The street vendors selling corn on the bob, roasted and spiced appear with the rains. It’s almost like they rain down from the clouds first, followed by the rain. The entire corn on the cob is roasted on a charcoal fire, giving it a smokey flavour. Once cooked, a spice mix of chilli powder, chaat masala, kala namak and salt is vigorously rubbed on each kernel using a lime slice. That’s the key – the lime marries the flavours of the different spices together as they get into every edge and corner of the corn kernels.
The best thing about this snack is biting into it with an open umbrella balanced on the shoulder because something this delicious can only be relished with two hands.
I just need a Samosa. Make that Two.
Piping hot and kind of omnipresent, this crunchy stuffed snack can uplift one’s mood in any season. But in the rains, it casts a different spell. From its crunchy exterior to its steaming hot filling of spicy potato, each bite is just oh so satisfying. Its accompaniments of chutneys act as backup dancers on our tongue giving us that absolutely feel-good moment.
Samosas come in a variety of fillings besides spicy potatoes. Right from an assortment of veggies to cheese to meat fillings, they all taste just as yummy. So are you craving a samosa yet?
In India when someone says noodles Maggi comes to mind. And when someone sees rain, a craving for Maggi noodles arises. There is a process, a complete ritual if you will, to make a bowl of these yummy noodles. A brick of these instant noodles is cracked in half and added to boiling water along with the masala packet. Give it a few minutes and you have a hot bowl of noodles ready. You can add some veggies to the boiling water, eggs, butter, chicken, sauces and so on. It can be a little dry or even soupy.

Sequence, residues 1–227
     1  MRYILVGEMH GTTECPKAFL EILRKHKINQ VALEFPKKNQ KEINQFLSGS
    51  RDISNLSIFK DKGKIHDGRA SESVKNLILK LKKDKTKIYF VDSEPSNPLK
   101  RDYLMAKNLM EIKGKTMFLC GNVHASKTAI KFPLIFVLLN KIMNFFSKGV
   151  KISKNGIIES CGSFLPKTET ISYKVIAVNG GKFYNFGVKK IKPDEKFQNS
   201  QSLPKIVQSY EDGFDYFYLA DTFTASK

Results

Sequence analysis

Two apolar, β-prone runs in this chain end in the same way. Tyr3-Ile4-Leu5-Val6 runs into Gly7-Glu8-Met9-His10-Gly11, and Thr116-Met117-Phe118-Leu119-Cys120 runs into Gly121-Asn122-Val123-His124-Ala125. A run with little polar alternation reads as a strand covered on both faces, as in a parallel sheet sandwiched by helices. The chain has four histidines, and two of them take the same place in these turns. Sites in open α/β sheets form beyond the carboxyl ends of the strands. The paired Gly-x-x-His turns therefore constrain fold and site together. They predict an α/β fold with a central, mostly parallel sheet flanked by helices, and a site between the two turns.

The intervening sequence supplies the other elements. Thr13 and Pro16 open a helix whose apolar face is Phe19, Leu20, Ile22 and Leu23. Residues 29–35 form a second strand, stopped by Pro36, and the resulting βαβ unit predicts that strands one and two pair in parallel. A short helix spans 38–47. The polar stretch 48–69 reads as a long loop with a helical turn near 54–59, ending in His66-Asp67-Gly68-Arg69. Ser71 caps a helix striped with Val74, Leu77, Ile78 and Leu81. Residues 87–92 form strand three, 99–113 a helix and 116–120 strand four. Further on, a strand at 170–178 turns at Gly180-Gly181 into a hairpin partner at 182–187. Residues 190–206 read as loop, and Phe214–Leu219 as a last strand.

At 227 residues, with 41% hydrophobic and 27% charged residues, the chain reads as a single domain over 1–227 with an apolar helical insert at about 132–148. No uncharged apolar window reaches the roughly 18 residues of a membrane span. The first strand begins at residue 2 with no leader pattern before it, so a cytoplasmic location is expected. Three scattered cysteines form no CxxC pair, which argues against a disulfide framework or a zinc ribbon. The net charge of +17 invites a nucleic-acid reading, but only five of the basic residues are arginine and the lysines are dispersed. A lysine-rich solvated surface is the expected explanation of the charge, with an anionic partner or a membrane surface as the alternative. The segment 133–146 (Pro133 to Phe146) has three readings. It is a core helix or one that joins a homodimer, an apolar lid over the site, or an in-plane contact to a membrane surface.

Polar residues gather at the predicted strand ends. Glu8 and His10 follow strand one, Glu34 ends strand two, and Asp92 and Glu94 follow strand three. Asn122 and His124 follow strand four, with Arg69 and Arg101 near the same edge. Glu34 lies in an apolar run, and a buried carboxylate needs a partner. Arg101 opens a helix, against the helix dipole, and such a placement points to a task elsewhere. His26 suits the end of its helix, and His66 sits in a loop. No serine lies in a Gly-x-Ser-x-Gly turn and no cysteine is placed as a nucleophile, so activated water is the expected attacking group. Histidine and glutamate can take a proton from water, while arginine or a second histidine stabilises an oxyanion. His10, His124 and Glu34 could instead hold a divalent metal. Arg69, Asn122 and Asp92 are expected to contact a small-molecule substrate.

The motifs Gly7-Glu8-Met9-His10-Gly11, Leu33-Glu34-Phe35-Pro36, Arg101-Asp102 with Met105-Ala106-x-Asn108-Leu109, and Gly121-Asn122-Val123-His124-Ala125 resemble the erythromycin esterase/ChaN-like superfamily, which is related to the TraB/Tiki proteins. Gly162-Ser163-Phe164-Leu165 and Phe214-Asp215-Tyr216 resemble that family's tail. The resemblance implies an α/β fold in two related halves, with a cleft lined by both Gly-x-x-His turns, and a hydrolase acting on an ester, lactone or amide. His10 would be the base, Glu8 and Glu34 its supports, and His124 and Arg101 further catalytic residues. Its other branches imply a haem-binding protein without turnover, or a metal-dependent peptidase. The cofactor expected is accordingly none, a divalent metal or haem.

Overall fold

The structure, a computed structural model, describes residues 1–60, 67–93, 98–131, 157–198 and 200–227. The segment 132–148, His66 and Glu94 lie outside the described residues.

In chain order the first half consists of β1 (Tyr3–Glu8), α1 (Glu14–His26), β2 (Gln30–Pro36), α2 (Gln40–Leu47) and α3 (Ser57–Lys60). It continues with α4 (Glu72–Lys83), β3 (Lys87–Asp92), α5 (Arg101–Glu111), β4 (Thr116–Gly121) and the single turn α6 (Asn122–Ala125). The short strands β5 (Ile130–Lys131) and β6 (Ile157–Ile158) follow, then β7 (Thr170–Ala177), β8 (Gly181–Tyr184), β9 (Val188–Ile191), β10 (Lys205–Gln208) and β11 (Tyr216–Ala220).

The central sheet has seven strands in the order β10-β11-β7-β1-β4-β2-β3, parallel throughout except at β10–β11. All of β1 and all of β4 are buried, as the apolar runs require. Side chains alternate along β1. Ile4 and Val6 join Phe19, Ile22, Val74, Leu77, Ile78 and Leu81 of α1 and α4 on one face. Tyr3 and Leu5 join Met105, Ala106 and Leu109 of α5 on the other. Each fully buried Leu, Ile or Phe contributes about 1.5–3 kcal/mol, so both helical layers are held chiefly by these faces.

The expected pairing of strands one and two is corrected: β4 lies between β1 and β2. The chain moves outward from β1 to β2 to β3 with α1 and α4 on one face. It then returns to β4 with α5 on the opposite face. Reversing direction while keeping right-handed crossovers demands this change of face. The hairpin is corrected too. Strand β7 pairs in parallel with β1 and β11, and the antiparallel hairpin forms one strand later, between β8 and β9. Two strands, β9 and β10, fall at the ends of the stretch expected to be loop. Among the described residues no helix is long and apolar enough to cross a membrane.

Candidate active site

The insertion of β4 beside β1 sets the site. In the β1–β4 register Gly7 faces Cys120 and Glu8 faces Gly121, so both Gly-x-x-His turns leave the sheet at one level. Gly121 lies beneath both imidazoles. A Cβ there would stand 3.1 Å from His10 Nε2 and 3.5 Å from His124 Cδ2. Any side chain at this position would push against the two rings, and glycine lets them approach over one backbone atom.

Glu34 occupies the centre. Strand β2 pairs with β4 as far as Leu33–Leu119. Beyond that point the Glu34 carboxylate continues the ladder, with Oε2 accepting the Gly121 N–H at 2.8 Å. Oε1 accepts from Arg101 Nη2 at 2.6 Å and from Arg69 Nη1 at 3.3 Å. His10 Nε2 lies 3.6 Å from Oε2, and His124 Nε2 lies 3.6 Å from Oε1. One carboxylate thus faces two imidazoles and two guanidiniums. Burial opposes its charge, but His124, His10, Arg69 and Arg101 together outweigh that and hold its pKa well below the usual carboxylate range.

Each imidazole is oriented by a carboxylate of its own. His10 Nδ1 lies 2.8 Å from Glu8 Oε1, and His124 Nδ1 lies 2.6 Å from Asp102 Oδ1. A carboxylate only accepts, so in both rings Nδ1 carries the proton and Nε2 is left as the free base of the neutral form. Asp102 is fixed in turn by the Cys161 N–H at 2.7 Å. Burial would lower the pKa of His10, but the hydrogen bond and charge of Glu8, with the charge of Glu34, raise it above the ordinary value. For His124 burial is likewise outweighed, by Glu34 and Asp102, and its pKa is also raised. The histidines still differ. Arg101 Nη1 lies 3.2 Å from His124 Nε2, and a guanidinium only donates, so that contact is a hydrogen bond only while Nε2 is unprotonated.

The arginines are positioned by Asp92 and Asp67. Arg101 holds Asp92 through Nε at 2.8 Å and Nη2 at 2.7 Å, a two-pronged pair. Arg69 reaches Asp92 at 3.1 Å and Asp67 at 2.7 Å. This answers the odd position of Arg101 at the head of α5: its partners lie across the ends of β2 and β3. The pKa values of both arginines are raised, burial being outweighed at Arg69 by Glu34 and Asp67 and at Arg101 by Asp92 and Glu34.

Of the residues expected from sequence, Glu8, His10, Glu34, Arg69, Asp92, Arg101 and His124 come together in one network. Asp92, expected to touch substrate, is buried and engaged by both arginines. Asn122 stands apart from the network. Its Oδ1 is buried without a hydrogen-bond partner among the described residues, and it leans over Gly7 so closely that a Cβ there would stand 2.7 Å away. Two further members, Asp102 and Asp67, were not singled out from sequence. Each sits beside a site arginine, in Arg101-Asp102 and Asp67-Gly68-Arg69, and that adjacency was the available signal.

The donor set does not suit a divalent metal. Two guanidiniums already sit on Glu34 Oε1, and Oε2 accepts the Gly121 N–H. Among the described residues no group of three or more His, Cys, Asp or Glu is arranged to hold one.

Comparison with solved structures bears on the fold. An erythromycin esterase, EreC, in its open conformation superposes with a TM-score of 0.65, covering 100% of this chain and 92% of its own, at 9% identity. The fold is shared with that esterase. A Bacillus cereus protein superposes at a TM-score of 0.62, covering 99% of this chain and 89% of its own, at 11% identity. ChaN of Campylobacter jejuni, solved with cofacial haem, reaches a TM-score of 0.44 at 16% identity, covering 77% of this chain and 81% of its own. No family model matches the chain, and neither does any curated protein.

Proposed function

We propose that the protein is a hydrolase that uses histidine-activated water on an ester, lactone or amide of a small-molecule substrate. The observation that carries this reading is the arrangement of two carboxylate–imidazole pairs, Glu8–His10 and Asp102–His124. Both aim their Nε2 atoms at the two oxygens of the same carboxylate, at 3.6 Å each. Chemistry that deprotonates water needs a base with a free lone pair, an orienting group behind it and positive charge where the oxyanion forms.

Want a better way to enjoy Maggi? Have it in the mountains – especially when it rains. A bowl of steaming hot Maggi in a foggy hill station on a rainy day (or night) with the cold rain pattering around you – it’s heaven.
This is not a sponsored post for Maggi Noodles.
I need a cup of tea now
What better Indian beverage to compliment all these yummy monsoon foods than a good cup of tapri chai. Be it a cutting or a Kulhad, chai or tea just completes any snacking experience. It is the sweet ending to all the spice and flavour. The way the tapri wala bhaiya makes it is nothing short of sorcery when he conjures this amazing elixir. Watching all that tea rolling as it boils and the way it is stirred and poured over a height just keeps us transfixed.
Once you take that first sip, the sweetness of the tea along with the savoury flavours of the snacks create an amazing symphony of flavours in the mouth. It just is the perfect sweet satisfaction that keeps you going for the next sip.
You can have it light with lots of milk, strong with that deep earthy colour or spiced up with masala. But YOU MUST HAVE IT HOT.
It complements the way you experience the season.
For a culture that is deeply influenced by the seasons, the monsoons are the most dominant. There are various festivals, artforms and rituals associated with this season. But the cuisine is what most of us feel strongly about when it rains. It is our way of experiencing the entire season on a plate of delicious snacks and a cup of hot tea.
DO you have a monsoon favourite? Share with us in the comments below.